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EcoMoms have made it to the front page of the New York Times. This is an impressive group of green moms, 9,000 altogether, and growing strong. A group that is representative of a very active subculture in Northern California where I live. These women are on a mission and nobody can resist them, not even their husbands or children. They fill Whole Foods‘ parking lot with their Priuses, and are not shy about voicing their newly found green convictions all over the blogosphere, as in here, and here, and here.

Reading the article, one would be tempted to think that all is well on the mommy’s front, environmentally speaking. Until reality steps in. This morning, a friendly visit to my four year old neighbor’s house turned into an anthropological tour of American consumerism at its worst. Little Rachel wanted me to blow bubbles with her, and took me to her backyard. There, sitting in the middle of her parents’ picnic table, a big plastic thing dared me with its massive plastic construction. The Iplay Outdoor Bubble Machine from Target, ‘has a large capacity bubble mix tank for high volume bubble production’ and has a five star ‘guest rating’. It can be yours for $24.99.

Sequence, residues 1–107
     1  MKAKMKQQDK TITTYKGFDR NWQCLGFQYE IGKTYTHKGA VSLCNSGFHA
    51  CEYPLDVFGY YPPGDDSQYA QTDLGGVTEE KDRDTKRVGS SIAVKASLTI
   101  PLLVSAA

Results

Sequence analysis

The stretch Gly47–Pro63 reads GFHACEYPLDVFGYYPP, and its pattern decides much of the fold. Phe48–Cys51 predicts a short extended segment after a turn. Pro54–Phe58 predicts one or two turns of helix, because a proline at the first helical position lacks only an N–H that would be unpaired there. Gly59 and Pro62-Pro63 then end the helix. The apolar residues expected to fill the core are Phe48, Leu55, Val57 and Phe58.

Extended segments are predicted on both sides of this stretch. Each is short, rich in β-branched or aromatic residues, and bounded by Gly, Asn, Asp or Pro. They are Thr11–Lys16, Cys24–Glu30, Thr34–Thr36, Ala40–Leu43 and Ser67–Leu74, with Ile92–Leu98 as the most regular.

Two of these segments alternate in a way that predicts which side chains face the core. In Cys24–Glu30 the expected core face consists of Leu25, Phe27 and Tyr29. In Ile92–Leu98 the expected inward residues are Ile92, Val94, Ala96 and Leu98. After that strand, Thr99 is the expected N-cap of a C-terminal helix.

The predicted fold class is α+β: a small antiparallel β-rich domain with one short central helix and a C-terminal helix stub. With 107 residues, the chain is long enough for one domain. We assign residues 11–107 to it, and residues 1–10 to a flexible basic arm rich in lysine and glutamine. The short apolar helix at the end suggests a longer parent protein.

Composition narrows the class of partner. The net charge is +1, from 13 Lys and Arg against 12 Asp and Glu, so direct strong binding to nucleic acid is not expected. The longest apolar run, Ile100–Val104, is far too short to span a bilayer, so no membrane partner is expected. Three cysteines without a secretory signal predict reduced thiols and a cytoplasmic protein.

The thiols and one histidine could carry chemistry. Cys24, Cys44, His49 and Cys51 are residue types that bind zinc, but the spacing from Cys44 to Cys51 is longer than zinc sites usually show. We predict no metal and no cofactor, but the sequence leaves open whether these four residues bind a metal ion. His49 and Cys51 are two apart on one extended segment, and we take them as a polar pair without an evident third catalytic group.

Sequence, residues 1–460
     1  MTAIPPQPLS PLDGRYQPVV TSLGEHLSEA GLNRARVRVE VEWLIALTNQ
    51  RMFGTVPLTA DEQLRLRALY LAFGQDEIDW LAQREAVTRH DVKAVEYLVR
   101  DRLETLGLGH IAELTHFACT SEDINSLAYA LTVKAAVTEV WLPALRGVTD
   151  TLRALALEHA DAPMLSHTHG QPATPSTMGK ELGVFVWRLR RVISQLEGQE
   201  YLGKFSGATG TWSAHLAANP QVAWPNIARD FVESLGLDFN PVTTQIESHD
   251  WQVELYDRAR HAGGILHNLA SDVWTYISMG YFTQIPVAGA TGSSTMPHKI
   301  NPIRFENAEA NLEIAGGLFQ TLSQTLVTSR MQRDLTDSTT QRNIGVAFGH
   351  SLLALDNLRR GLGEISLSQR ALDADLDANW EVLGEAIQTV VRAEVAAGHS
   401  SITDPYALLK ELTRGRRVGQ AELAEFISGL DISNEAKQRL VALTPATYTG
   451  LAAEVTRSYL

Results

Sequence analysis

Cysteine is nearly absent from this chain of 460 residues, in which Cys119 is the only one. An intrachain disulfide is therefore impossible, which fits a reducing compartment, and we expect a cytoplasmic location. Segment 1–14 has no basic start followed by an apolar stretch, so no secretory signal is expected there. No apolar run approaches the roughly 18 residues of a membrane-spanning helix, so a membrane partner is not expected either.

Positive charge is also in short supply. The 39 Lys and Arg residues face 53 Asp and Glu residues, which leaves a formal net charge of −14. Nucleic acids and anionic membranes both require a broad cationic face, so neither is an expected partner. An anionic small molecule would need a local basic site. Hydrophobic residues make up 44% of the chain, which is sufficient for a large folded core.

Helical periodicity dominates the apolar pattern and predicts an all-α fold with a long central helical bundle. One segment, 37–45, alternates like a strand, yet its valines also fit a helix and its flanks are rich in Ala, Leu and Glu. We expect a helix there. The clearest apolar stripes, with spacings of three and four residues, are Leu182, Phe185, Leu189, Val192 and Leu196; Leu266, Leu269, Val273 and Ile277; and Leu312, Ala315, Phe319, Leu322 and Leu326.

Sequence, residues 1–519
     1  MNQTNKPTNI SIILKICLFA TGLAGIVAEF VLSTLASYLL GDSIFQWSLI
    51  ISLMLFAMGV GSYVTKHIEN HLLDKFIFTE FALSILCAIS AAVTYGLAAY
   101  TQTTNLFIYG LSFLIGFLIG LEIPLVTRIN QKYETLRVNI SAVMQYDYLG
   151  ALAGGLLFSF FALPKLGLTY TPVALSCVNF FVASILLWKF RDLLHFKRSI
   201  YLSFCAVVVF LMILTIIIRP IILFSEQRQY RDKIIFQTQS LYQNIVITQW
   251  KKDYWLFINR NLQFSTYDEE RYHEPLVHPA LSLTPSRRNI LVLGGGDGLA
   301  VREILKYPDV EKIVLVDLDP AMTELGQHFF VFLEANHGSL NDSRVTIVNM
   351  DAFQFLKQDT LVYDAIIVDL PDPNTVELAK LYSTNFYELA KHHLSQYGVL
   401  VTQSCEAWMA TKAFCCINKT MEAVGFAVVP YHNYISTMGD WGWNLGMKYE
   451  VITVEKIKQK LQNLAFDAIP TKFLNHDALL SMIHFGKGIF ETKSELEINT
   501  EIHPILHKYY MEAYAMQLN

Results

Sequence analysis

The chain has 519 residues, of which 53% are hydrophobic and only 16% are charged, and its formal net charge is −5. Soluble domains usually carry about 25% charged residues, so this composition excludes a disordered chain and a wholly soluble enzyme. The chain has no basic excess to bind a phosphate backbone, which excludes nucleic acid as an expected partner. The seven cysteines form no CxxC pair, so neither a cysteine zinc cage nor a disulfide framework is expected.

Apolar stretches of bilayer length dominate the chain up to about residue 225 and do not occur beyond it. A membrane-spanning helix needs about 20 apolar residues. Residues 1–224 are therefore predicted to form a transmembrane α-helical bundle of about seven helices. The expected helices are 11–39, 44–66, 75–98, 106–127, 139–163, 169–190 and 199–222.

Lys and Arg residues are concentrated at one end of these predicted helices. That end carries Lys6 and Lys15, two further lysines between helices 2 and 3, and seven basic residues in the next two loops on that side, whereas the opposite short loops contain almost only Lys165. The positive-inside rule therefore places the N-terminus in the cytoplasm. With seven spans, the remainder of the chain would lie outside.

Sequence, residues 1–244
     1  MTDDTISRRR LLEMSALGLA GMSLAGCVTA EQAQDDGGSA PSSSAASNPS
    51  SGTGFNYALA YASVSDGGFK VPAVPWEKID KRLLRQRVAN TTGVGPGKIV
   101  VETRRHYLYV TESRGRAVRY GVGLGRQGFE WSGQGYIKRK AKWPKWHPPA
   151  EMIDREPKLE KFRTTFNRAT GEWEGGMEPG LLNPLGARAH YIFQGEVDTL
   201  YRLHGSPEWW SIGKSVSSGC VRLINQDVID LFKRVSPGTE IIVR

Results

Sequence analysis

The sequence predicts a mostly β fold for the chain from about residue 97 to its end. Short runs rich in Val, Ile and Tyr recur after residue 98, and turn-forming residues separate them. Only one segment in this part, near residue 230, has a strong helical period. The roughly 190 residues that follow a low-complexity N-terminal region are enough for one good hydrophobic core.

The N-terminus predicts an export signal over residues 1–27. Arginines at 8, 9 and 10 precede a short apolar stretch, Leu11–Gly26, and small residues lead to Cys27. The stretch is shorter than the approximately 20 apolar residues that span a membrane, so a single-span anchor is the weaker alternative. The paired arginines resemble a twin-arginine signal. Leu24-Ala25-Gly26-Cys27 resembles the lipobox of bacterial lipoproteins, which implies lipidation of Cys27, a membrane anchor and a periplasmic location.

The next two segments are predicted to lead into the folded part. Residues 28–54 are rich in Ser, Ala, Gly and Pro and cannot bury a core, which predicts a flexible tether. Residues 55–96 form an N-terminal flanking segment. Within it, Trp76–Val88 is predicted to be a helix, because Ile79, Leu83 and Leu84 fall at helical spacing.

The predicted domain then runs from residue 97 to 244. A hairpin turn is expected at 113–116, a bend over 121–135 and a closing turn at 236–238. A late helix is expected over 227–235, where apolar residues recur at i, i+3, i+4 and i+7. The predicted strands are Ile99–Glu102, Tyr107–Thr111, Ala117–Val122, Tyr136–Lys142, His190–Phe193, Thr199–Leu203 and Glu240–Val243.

Are EcoMoms Taking Over?

The Iplay Outdoor Bubble Machine, unfortunately, is more representative of the reality of American moms today, than the EcoMom Alliance.

I only need to look at myself to understand why. As a mom, I have found it incredibly hard to resist the temptation of materialism, and I have documented my struggles often in this blog, as in here, and here, and here, and here. This being said, women do represent a positive force for the climate fight, as supported by all the latest research.

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We need to remember, one quarter of the American population watches this:

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Last week’s Black Friday and Buy Nothing Day, inspired me to write, ‘Finding a Sustainable Middle in a Country of Extremes‘.